Last year we had some posts about an ancient boat discovered in in Kadakkarappally, Kerala. This boat was considered to be somewhere between 600 to a 1000 years old and the 72 foot boat, according to initial reports was built using anjili, a wood found in Kerala. The boat according to report was built by foreign seafarers
According to a new research paper we have more details on this boat, which was apparently used to transport people or commodities between coastal ports and interior backwaters. Traditionally boats built in Kerala never used iron and it was assumed that such practice started with the arrival of Europeans in Kerala, starting with Vasco da Gama in 1498.
This boat which has been dated between 13 and 15th centuries, provides proof that shipmakers in Kerala were using iron fastners before the arrival of Europeans. The authors suggest that since Kerala was a main port in the Indian Ocean trade network, it is possible that local shipmakers would have encountered ships using iron fastners and got “inspired”.
What about the theory that it was built by foreigners?
The Thaikkal-Kadakkarappally boat, therefore, has features in common with several different traditions of boatbuilding. The form of the boat appears to mirror one strand of Chinese boatbuilding and the lashed lugs are a feature commonly found in South-East Asian shipbuilding. The use of lap joints between adjacent planks is typically Indian while nails clenched over a rove are normally only identified with north European building traditions. The boat itself, however, was clearly built locally. All three species of wood identified in the remains are indigenous to Kerala. Anjily, in particular, is used for almost all of the plank-built craft in Kerala today as it is strong, resilient, fairly cheap and widely available. It is possible that the boat was constructed by foreign shipbuilders settled in Kerala, but there is no reason to conclude that the Thaikkal-Kadakkarappally boat is not an Indian vessel, built in India by Indian shipbuilders.[The Thaikkal-Kadakkarappally Boat]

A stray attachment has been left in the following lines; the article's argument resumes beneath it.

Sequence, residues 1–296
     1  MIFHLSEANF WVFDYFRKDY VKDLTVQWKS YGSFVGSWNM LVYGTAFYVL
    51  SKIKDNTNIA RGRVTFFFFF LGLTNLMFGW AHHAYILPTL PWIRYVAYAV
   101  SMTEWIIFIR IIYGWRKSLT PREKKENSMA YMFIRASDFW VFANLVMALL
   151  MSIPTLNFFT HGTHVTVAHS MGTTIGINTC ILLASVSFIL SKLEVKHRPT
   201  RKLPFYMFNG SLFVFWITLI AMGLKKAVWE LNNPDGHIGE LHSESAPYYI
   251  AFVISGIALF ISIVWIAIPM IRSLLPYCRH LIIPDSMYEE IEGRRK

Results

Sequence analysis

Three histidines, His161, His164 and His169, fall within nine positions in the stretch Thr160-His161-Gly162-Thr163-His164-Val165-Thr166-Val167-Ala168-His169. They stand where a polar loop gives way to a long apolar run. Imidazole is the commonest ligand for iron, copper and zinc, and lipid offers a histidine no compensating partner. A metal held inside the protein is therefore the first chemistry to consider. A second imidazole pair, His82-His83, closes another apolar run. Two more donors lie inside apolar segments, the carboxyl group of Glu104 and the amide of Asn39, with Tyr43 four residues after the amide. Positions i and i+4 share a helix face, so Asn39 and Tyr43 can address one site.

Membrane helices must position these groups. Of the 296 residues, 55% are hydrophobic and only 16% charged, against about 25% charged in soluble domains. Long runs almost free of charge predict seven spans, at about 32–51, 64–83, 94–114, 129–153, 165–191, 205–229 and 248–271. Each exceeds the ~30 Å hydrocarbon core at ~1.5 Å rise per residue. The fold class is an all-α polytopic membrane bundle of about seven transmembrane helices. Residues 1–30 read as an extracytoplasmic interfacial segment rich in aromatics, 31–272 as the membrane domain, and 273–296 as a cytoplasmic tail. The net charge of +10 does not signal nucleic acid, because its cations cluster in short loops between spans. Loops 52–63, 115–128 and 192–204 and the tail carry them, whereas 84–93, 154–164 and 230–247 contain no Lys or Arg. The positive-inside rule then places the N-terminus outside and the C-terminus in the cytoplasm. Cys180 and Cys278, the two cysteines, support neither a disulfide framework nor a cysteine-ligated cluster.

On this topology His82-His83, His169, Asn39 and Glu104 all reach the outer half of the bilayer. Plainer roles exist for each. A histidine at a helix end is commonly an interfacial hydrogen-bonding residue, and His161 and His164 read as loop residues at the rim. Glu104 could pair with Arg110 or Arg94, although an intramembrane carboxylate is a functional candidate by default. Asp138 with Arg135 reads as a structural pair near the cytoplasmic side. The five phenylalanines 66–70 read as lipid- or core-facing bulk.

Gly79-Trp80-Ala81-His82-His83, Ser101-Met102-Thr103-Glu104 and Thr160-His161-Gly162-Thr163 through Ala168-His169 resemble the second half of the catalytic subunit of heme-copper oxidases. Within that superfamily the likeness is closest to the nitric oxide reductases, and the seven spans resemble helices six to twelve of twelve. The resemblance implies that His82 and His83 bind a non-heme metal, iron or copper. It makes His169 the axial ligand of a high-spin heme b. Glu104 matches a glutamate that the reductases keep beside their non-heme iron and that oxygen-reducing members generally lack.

It was expected that the climate of Kerala would not allow for the preservation of of archaeological material, especially in waterlogged areas. But this boat somehow survived.